Sabrina Amrani is pleased to present Shadows Fall Behind, the third solo show by Mónica de Miranda in the gallery.
The red thread of destiny is an ancient oriental legend that deals with the idea that a thin and invisible red thread connects people emotionally. Beyond the place or the circumstances that each one has to live in, they will end up meeting because they are bound by an unbreakable bond. More deeply, the myth is related to the confidence that something sustains us beyond our actions and invokes a red thread tied to the little finger as a symbol of a constellation of infinite connections, of a loving network capable of containing the solitary existence of the individual. It is, without a doubt, a beautiful belief. I wish all people, regardless of their origin, could trust fate in this way.
Mónica de Miranda (Porto, 1976) has developed a strong body of work on the African diaspora in Europe, specifically in the Portuguese context. Using photography and video as her main means, she has explored the memory of the land and the landscape after the colonisation processes that began in the 16th century. In collaborative formats, in which her practice always enters into dialogue with other creators, the artist investigates the colonial wound of subalternised territories, but she does so from a visual composition antagonistic to misfortune. The tension of history to which her works allude operates like cryptography whose decipherment always offers a space for repair.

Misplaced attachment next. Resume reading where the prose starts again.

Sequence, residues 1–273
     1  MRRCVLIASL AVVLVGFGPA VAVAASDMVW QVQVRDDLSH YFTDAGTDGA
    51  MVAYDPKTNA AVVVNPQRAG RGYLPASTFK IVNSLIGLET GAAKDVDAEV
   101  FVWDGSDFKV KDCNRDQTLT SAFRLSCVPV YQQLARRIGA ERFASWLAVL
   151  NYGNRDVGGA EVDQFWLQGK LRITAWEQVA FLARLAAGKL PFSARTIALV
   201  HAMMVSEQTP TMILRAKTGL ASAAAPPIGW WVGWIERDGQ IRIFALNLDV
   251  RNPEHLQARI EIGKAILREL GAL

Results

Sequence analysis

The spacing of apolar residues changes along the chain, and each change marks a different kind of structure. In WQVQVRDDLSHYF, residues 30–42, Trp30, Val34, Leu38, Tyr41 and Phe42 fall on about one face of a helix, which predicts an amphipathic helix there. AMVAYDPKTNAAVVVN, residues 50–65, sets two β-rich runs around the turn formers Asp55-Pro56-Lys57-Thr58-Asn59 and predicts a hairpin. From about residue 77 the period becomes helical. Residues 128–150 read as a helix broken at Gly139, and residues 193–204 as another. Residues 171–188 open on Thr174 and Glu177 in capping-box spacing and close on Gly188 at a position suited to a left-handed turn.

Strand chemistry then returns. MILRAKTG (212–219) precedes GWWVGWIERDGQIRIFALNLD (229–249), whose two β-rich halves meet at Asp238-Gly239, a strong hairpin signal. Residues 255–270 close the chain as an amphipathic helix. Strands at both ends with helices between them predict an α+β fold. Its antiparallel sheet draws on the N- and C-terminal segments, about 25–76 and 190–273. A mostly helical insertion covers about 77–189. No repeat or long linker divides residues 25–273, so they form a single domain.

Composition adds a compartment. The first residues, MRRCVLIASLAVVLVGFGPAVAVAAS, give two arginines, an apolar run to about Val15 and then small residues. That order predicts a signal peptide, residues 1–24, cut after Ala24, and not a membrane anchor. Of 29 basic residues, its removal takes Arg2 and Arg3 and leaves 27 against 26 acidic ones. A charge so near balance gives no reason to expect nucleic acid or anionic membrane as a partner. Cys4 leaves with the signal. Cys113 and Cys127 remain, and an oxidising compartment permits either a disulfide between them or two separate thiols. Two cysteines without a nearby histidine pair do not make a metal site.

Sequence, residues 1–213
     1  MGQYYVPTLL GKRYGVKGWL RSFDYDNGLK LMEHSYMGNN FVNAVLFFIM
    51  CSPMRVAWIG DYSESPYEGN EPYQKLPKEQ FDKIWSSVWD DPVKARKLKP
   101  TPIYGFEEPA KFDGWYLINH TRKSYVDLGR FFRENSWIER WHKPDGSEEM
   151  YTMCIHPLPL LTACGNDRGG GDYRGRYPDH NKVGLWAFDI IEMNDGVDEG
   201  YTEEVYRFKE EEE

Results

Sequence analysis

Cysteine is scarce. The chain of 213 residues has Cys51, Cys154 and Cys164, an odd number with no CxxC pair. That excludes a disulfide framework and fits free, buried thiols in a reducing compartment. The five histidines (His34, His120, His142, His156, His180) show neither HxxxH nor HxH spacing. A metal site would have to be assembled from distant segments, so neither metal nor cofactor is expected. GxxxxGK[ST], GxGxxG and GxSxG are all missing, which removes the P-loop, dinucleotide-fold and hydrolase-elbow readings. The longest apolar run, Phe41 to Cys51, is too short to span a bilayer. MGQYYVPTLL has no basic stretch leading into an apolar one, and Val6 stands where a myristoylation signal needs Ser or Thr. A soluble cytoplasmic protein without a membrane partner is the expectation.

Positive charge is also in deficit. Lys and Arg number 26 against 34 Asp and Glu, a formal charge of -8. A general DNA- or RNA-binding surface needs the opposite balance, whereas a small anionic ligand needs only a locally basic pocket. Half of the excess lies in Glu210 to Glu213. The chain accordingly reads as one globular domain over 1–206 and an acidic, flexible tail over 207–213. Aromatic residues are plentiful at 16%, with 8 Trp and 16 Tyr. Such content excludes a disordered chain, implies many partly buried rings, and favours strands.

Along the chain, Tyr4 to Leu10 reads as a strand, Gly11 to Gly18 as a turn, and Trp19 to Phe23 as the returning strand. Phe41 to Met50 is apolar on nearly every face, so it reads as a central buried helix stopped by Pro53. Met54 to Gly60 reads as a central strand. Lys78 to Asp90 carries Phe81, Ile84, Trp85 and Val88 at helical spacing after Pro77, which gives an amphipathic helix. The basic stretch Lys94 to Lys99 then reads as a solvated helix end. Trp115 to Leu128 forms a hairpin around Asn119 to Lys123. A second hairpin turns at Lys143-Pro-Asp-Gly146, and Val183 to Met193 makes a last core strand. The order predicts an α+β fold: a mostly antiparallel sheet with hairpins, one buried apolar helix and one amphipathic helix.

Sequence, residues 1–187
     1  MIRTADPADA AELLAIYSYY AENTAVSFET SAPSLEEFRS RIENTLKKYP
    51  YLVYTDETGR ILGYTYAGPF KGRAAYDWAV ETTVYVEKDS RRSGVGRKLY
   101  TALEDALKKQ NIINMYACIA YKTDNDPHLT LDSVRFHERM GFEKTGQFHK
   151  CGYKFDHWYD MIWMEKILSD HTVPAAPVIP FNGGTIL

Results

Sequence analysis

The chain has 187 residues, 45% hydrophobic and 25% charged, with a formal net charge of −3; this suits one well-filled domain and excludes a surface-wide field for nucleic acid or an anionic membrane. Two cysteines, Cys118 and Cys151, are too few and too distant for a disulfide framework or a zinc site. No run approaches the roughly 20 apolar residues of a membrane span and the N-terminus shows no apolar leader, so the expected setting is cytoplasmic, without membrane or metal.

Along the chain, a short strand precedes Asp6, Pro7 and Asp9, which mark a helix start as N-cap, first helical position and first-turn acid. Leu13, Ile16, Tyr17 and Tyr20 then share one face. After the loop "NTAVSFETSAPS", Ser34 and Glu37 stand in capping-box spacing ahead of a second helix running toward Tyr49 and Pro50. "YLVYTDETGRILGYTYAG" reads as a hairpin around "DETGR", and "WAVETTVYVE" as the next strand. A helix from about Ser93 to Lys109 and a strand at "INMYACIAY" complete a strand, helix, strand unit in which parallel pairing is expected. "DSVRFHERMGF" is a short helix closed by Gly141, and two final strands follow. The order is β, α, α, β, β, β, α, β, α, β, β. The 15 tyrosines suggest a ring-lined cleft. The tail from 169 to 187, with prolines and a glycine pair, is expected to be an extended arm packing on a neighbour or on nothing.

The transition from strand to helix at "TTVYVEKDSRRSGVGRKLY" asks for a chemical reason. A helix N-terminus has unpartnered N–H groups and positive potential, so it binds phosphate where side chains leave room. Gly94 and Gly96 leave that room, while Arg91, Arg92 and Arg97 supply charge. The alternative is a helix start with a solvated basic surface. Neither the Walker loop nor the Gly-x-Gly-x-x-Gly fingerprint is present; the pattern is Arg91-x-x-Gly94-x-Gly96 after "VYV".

For the project Shadows Fall Behind, De Miranda has carried out an in-depth investigation of the land border between Spain and Morocco, on the North African coast. She toured the cities of Ceuta and Melilla trying to understand that other kind of warp that intertwines—always tragically—a border fence with migrant dreams of the promised land. The photographs show us the landscape that those dreams look at. As a subtle decoration, the artist superimposes embroidery of traditional Islamic patterns on the horizon of the Spanish coast. The red thread indicates here imaginary cartography that transgresses the geopolitical drawing of this border and gives it the warmth of a texture, of something that can offer a certain type of shelter.
Along with the photographs, the artist presents the audiovisual piece Border song (2022), made in collaboration with the Afro-Portuguese musician Xullaji. The video travels the fence of Ceuta and Melilla, a contour of no more than twenty kilometres, from a moving car. Her images summon us to a painful procession in which voices, sounds, and chants from both sides of this steel line intermingle. The blood there has lost its colour. In this plot, there are only cut threads, unstitched, breaks, dismemberment, division.
Press release courtesy Sabrina Amrani.